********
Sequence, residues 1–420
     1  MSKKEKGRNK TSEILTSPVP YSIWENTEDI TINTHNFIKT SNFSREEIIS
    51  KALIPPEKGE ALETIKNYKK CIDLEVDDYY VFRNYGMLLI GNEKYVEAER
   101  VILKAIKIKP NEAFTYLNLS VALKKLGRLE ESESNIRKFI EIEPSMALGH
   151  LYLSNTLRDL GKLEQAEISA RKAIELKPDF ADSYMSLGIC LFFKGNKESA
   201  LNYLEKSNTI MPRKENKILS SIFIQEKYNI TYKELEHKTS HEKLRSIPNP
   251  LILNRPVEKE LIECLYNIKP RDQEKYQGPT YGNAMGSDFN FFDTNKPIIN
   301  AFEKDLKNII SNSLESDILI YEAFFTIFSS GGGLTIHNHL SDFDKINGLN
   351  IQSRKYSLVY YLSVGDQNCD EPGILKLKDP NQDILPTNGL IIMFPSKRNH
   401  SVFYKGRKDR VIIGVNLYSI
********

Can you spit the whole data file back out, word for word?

Sequence, residues 1–420
     1  MSKKEKGRNK TSEILTSPVP YSIWENTEDI TINTHNFIKT SNFSREEIIS
    51  KALIPPEKGE ALETIKNYKK CIDLEVDDYY VFRNYGMLLI GNEKYVEAER
   101  VILKAIKIKP NEAFTYLNLS VALKKLGRLE ESESNIRKFI EIEPSMALGH
   151  LYLSNTLRDL GKLEQAEISA RKAIELKPDF ADSYMSLGIC LFFKGNKESA
   201  LNYLEKSNTI MPRKENKILS SIFIQEKYNI TYKELEHKTS HEKLRSIPNP
   251  LILNRPVEKE LIECLYNIKP RDQEKYQGPT YGNAMGSDFN FFDTNKPIIN
   301  AFEKDLKNII SNSLESDILI YEAFFTIFSS GGGLTIHNHL SDFDKINGLN
   351  IQSRKYSLVY YLSVGDQNCD EPGILKLKDP NQDILPTNGL IIMFPSKRNH
   401  SVFYKGRKDR VIIGVNLYSI